| WiFi |
| NFC |
|2.||Pentax K-5 II||Y||stereo||mono||Y||-||mini||2.0||-||-||-|
|4.||Canon G1 X Mark III||Y||stereo||mono||-||-||micro||2.0||Y||Y||Y|
|12.||Pentax K-3 II||Y||mono||mono||Y||Y||mini||3.0||-||-||-|
It is notable that the FT7 offers wifi support, while the K-5 II does not. Wifi can be a very convenient means to transfer image data to an off-camera location.
Studio photographers will appreciate that the Pentax K-5 II (unlike the FT7) features a PC Sync socket, so that professional strobe lights can be controlled by the camera.
The FT7 is a recent model that features in the current product line-up of Panasonic. In contrast, the K-5 II has been discontinued (but can be found pre-owned on eBay). As a replacement in the same line of cameras, the K-5 II was succeeded by the Pentax K-3. Further information on the two cameras (e.g. user guides, manuals), as well as related accessories, can be found on the official Panasonic and Pentax websites.
So how do things add up? Is there a clear favorite between the Panasonic FT7 and the Pentax K-5 II? Which camera is better? A synthesis of the relative strong points of each of the models is listed below.
Reasons to prefer the Panasonic Lumix DC-FT7:
- More detail: Offers more megapixels (20.2 vs 16.1MP) with a 10% higher linear resolution.
- Better video: Provides higher definition movie capture (4K/30p vs 1080/25p).
- More framing info: Has an electronic viewfinder that displays shooting data.
- More detailed LCD: Has a higher resolution rear screen (1040k vs 921k dots).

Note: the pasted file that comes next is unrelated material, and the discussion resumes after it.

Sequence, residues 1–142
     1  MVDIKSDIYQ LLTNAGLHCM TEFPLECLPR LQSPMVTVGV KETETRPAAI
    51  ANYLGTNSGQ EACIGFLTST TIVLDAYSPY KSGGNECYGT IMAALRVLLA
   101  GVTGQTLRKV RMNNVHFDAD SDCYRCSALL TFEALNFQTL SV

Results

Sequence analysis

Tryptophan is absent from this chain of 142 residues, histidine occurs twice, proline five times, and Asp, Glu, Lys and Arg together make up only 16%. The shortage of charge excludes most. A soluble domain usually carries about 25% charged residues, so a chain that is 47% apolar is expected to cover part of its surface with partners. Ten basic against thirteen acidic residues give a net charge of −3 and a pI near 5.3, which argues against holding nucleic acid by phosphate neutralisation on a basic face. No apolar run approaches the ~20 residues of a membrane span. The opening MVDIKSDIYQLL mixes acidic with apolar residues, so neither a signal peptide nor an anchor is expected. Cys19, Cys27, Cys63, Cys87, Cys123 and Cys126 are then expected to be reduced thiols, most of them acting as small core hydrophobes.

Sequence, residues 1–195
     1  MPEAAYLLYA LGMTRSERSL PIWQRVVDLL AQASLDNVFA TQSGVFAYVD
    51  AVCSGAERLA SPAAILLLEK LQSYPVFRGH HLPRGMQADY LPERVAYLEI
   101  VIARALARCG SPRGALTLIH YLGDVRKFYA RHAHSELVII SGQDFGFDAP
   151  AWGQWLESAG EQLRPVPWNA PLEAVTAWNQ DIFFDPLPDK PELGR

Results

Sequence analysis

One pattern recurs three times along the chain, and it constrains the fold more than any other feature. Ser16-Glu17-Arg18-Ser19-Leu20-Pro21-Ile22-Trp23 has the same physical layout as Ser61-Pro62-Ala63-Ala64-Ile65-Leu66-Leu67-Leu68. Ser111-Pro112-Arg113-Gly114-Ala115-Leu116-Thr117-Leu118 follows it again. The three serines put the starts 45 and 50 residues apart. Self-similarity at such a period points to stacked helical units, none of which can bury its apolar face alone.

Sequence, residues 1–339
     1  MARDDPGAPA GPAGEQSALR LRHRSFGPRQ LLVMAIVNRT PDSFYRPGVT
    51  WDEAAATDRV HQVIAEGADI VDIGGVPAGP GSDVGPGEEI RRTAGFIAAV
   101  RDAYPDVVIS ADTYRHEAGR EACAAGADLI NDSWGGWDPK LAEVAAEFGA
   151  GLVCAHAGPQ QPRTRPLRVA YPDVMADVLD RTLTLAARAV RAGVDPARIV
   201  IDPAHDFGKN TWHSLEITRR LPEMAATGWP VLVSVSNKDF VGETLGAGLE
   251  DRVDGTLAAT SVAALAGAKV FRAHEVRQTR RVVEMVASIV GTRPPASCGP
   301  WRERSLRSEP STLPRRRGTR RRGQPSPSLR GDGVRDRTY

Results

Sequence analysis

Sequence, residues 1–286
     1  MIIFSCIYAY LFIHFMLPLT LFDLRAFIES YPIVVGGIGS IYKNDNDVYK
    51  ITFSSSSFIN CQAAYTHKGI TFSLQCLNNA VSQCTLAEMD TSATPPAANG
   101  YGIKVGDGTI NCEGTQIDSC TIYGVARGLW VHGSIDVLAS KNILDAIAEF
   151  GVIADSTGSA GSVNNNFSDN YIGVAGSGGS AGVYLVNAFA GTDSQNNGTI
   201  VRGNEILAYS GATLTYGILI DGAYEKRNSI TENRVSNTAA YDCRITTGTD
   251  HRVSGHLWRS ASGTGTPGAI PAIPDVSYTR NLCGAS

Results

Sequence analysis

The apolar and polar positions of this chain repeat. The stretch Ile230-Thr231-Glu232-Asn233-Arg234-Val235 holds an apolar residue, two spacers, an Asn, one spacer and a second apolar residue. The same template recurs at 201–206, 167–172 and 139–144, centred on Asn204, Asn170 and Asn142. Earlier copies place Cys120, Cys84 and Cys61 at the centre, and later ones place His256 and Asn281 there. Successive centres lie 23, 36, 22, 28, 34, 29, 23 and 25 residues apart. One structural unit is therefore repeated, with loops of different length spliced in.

- Faster burst: Shoots at higher frequency (10 vs 7 flaps/sec) to capture the decisive moment.
- Less disturbing: Has an electronic shutter option for completely silent shooting.
- Ready to shoot: Comes with a built-in lens, while the K-5 II requires a separate lens.
- More compact: Is smaller (117x76mm vs 131x97mm) and thus needs less room in the bag.
- Less heavy: Is lighter even though it comes with a built-in lens (unlike the K-5 II).
- Easier travel charging: Can be conveniently charged via its USB port.
- Water-proof: Is rugged and sealed and can thus be used for underwater photography (up to 31m).
- Easier file upload: Has wifi built in for automatic backup or image transfer to the web.
- Faster buffer clearing: Has an SD card interface that supports the UHS-I standard.
- More affordable: Was introduced at a lower price, despite coming with a built-in lens.
- More modern: Reflects 5 years and 8 months of technical progress since the K-5 II launch.
Advantages of the Pentax K-5 II:
- Better image quality: Features bigger pixels on a larger sensor for higher quality imaging.
- Richer colors: The pixel size advantage translates into images with better, more accurate colors.
- More dynamic range: Larger pixels capture a wider spectrum of light and dark details.
- Better low-light sensitivity: Larger pixels means good image quality even under poor lighting.
- Better sound: Can connect to an external microphone for higher quality sound recording.
- Brighter framing: Features an optical viewfinder for clear, lag-free composition.
- Larger viewfinder image: Features a viewfinder with a higher magnification (0.61x vs 0.45x).
- Easier setting verification: Features a control panel on top to check shooting parameters.
- Faster shutter: Has higher mechanical shutter speed (1/8000s vs 1/1300s) to freeze action.
- Easier time-lapse photography: Has an intervalometer built-in for low frequency shooting.
- More flexible: Makes it possible to change lenses and thus to use specialty optics.